Clean Separation of Concerns in MVC

One of the main areas that is cited as a benefit of using the new ASP.NET MVC Framework is that you can obtain a 'clean separation of concerns'. But the question is, what does this really mean, how achievable is it in reality, and should we really be interested in doing it?

What does it mean?

Well, from Wikipedia ( - 'the process of breaking a computer program into distinct features that overlap in functionality as little as possible'. The article goes on to say that the MVC design pattern aims to separate content from presentation and data-processing from content. This is all well and good, but where do the lines of separation fall. One is reasonably clear - between the data-processing (Model) and the rest of the application. Almost every attempt at writing an MVC Framework web application illustrates this successfully.

The slightly harder area to tie down the separation for is when you look at Views and Controllers. Where should the separation occur? What is the division of responsibility? Should the two portions be completely independent, or can they have knowledge of each other? At a certain level, it is reasonably easy to provide some definitions: the view takes responsibility for presentation, and the controller takes responsibility for actions. But there is clearly a grey area in the middle. Clearly most actions can be completed without much dependency on the view that is their 'end point', but the reverse is not necessarily true. In a simple 'display' view there is no problem, but by the time we move to 'editors', we are starting to get into the realms of some trickiness of definition. In fact the way the view is set up may have critical importance to the nature of the controller. This is probably best illustrated with an example. Let us say that I have written a appointment diary application. One of the editors in this is used to change the date of an appointment. I could choose to display this date in one text-box (DD/MM/YYYY format), or I could decide that it will be easier to use if I split it and put the day, month and year components of the date in different text-boxes. Either way, I have introduced a link between the way the data was displayed and my controller. If I change one way of displaying the date into another, I may need to change the controller, unless the view takes care of returning the date to the format from which it 'came'.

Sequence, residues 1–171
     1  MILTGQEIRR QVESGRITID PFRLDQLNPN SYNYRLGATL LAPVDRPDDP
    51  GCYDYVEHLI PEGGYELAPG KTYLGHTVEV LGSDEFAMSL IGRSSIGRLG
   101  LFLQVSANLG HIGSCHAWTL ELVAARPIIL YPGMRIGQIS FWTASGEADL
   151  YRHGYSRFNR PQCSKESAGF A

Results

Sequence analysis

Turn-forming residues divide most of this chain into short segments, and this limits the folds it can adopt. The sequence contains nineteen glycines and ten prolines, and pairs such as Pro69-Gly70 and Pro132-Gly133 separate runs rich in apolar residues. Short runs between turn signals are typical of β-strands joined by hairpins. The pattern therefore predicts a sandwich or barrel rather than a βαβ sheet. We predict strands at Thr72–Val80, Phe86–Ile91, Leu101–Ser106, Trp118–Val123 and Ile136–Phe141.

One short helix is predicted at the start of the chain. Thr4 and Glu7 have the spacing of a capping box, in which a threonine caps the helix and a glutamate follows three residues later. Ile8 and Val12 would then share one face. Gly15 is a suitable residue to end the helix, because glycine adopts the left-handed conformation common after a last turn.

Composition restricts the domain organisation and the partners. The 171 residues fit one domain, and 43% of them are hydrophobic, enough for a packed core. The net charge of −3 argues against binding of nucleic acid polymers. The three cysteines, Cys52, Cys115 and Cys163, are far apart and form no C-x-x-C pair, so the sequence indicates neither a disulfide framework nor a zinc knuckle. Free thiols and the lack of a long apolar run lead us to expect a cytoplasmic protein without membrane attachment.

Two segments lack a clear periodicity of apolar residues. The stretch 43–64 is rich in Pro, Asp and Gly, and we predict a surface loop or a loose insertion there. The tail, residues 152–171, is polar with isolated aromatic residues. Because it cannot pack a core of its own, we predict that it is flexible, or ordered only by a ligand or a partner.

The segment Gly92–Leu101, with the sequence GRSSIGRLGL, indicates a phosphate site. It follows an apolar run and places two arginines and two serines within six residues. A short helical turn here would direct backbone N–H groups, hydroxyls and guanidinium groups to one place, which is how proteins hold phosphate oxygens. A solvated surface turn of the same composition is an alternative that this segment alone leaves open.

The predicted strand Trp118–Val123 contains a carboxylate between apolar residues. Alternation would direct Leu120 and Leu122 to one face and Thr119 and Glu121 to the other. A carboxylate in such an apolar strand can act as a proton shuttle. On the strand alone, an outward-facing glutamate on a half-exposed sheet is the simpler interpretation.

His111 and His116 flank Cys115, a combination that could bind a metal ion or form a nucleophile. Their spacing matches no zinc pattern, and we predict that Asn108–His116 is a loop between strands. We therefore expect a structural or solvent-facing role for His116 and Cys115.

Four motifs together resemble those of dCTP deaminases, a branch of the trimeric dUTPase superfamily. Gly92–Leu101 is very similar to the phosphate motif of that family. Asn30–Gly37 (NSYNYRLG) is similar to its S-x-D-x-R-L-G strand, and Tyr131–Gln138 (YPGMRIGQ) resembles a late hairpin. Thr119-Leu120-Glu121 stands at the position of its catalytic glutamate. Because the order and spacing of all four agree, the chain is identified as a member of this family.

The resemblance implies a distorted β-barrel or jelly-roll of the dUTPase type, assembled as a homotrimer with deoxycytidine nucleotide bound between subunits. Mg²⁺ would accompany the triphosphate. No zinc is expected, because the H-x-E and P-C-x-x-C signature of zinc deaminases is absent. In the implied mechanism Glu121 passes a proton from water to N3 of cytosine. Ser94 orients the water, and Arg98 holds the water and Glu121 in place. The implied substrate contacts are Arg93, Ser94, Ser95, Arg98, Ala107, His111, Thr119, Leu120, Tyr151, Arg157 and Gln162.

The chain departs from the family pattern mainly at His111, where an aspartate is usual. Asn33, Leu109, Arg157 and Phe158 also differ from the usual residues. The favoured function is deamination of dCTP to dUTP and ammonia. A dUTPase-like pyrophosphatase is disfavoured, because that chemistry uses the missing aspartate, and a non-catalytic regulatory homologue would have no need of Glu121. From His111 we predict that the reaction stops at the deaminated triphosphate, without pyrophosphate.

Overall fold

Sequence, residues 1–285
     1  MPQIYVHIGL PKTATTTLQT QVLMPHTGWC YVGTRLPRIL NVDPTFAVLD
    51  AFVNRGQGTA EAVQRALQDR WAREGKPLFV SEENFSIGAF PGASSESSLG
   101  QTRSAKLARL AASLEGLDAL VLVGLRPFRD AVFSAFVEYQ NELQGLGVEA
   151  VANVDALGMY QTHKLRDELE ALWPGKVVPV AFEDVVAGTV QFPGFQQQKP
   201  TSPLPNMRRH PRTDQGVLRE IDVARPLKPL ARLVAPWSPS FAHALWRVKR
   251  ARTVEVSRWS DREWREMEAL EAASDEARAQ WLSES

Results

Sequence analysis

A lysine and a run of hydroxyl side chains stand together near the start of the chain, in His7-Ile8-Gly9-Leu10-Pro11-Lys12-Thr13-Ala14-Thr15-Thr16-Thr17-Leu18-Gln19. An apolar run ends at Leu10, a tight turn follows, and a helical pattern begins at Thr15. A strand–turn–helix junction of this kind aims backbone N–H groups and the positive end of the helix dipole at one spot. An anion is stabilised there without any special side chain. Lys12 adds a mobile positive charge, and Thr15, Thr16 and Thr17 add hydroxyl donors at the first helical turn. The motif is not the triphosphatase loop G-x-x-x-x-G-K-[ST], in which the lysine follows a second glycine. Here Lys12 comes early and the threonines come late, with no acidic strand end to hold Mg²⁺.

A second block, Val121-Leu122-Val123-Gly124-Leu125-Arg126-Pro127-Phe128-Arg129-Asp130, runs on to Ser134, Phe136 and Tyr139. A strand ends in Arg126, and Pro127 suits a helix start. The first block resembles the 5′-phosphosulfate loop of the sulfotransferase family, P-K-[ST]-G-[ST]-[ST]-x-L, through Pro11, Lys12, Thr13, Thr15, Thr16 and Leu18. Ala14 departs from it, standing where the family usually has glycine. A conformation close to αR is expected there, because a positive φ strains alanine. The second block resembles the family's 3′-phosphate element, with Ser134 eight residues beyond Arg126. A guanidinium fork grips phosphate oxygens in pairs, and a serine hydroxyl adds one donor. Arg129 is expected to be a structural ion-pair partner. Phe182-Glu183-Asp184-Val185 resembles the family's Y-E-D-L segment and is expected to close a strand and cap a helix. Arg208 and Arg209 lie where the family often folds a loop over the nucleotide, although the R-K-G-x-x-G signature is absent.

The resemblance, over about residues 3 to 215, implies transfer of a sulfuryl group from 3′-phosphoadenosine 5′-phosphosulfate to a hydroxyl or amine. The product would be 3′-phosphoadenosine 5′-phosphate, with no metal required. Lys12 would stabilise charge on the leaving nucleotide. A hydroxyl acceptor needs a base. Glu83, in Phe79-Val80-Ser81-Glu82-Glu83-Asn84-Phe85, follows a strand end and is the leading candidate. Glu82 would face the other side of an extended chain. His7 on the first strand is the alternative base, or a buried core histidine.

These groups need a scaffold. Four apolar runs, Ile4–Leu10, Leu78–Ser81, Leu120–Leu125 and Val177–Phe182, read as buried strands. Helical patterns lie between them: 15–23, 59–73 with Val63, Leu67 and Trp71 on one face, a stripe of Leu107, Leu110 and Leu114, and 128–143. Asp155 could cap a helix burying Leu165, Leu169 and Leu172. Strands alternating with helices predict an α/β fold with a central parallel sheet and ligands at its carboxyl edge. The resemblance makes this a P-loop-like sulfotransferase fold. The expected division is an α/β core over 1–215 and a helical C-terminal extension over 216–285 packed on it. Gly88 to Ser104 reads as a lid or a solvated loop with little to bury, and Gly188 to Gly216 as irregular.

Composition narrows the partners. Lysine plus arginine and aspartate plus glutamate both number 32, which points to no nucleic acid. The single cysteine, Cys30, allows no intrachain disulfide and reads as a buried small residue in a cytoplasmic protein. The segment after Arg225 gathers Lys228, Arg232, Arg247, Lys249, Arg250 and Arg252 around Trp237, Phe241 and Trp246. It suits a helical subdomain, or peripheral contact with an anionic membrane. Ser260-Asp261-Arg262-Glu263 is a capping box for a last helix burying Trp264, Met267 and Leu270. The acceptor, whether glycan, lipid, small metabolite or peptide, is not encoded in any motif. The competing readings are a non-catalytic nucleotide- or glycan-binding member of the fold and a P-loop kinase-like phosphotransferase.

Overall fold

But here lies another problem - 'format from which it came'. It's perfectly legitimate in MVC that the View may have fetched the data it is displaying from the Model directly and that the Controller had no knowledge of the original form of the data at all. Either way, we are getting towards the situation where the Controller needs knowledge of at least one of the Model and the View in order to function. The problem really comes from the nature of HTTP. The View is split between what it was on the server, and what is able to be transmitted 'over the wire'.